Many people have been honest in describing that our experience in their church would be awkward at best. In some churches, there might be an uneasy truce reminiscent of “Don’t Ask, Don’t Tell” where congregants and church leadership might tolerate a couple like us in the pews on Sunday but would keep their distance from getting to know us as people.

    • There are a lot of issues raised in these comments worthy of consideration.

      First, welcoming LGBT individuals into particular churches can carry significant risk. There’s no one way forward on any of these issues, except for the slow path of building relationships and trying to share life with people who find themselves on a learning curve.

      We think the Gay Christian Network has some great preliminary resources to foster dialogue in conservative churches and would especially like to recommend a documentary called Through My Eyes and the Church Toolkit available at https://www.gaychristian.net/store/church-toolkit

      It’s worth noting that often change can be slower and more laborious than expected. However, we all try to do our part in learning to love our neighbors as ourselves.

  4. I will attempt to respond. Our parish’s motto is: All are welcome here. And we strive to welcome people from all cultures, backgrounds, sexual-orientations, etc. There are some LGBT members in our church community, a number of whom are very involved in different ministries. I do not know of any celibate LGBT couples in our church. You are the only LGBT celibate couple I have ever known.

    The majority of the LGBT church members I know are only open about their LGBT orientation with people they get to know or feel close to within the community. They are not necessarily open with everyone. Some of the LGBT church members that I know have shared they feel called to a celibate lifestyle, and inspire me in the way they live out that calling. One of our pastors was dedicated to ministering to and providing spiritual direction for LGBT individuals. This was not open knowledge though, meaning the pastoral team was aware of his ministry and would refer people to him; however we never had any outreach to that effect or posted it in the bulletin. It was more confidential. In hind sight, outreach could possibly help LGBT members feel more accepted and welcomed within the community as well as provide them with further support.

    Overall, while I believe our church strives to welcome everyone, I also think we have a far way to go in order to come to a deeper understanding of how to better pastorally support LGBT individuals. And as I’ve expressed with you elsewhere on the blog, I myself have struggled with the best way to present Catholic teaching while also being pastoral and exemplifying God’s love when youth are asking questions about the Church’s stance on homosexuality.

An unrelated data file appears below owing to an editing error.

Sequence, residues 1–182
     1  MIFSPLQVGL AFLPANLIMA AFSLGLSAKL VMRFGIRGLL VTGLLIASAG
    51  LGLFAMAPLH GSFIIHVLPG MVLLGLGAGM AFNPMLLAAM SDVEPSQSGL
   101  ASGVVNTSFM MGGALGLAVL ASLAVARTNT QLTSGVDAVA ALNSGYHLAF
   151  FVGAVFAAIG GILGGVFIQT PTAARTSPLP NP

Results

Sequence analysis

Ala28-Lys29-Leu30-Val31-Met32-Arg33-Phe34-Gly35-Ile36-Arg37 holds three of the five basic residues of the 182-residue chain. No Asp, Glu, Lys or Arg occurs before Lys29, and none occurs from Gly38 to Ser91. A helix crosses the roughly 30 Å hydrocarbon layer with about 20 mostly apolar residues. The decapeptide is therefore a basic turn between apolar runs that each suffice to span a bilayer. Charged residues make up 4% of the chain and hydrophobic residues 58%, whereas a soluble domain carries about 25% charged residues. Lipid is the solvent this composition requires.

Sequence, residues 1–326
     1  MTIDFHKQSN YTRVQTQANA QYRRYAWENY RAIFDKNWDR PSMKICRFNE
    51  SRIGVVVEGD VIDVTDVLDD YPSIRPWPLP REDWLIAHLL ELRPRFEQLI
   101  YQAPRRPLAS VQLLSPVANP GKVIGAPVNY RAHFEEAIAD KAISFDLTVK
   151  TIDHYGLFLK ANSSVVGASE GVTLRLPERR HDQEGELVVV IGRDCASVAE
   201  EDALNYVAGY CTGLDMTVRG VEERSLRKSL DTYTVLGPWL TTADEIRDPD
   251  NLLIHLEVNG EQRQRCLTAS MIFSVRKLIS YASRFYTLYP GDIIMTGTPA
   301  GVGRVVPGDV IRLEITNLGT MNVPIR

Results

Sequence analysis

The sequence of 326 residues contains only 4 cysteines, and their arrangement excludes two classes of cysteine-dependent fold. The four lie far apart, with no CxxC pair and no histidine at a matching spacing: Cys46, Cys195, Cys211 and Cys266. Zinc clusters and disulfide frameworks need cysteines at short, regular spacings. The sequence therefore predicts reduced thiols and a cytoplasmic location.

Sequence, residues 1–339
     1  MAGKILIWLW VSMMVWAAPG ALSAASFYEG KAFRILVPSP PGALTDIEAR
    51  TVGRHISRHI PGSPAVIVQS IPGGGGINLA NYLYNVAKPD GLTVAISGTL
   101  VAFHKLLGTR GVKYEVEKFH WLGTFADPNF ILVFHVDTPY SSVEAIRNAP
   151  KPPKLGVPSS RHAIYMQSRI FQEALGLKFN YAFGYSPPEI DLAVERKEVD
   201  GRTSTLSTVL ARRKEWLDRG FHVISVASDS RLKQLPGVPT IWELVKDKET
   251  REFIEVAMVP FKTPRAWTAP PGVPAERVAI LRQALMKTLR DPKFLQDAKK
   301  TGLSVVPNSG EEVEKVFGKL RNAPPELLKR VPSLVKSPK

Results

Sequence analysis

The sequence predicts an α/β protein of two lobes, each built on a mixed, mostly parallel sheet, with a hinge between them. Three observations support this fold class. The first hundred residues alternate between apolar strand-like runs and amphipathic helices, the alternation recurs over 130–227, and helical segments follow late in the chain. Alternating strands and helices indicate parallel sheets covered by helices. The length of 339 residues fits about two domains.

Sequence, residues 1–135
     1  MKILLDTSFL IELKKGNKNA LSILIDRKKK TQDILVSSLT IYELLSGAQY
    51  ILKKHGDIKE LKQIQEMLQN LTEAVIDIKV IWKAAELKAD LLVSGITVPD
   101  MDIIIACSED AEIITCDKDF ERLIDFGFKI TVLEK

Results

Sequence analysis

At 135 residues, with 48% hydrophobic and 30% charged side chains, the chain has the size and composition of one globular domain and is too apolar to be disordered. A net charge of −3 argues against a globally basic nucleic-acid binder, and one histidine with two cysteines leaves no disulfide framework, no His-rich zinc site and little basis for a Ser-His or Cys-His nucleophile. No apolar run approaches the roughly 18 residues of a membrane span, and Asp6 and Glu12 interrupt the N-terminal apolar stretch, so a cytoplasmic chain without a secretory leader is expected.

In Catholic circles, it seems quite common to hear the term “same-sex attraction” being used instead of homosexuality.
    One thing I wanted your feedback on sometime is about the Catholic organization called “Courage”. I myself don’t know much about it but know it’s active in our diocese. Any thoughts?

    • Thanks Angela for bringing up so many great points.

      Many pastors are very open and very willing to offer compassionate, respectful, and appropriate spiritual direction to LGBT people. However, it can be difficult for others to know that a pastor is willing. One possible way of sharing a pastor’s willingness more openly can be to have a discussion group for members of the LGBT community. We have some friends who are active in coordinating the Always God’s Children group at St Matthew’s Cathedral: http://www.stmatthewscathedral.org/always-gods-children This group has been organized by members of the LGBT community in the parish and has backing of the priest who attends the meetings himself. Announcements connecting a priest’s name to an LGBT group at the church can help signal the priest’s willingness a bit more directly.

      We will probably spend more time talking about youth ministers and the need to teach sexual morality in an age-appropriate way. Aaron Taylor recently wrote a good first reflection about spiritual direction for youth that provides much food for thought: http://spiritualfriendship.org/2014/01/24/youth-and-same-sex-attraction-responding-to-austin-ruse-part-1/ We’re going to be digesting this article ourselves.

      Regarding Courage: although the organization has an official blessing to present teachings on homosexuality, local expressions of the organization tend to be varied in how they interpret Church teaching. Some leaders of Courage groups emphasize using words like “experience same-sex attraction” to discourage people from identifying with features of gay subcultures. Other leaders of Courage have adopted broader understandings of what a person might mean when they say, “I’m gay.” It’s difficult for us to be charitable to the organization because so many of them encourage LGBT people to excise their sexualities rather than integrating their sexualities. We also wouldn’t expect a Courage group to think positively of our life as a celibate couple. The work at Spiritual Friendship seems to be much more balanced than the work coming from Courage.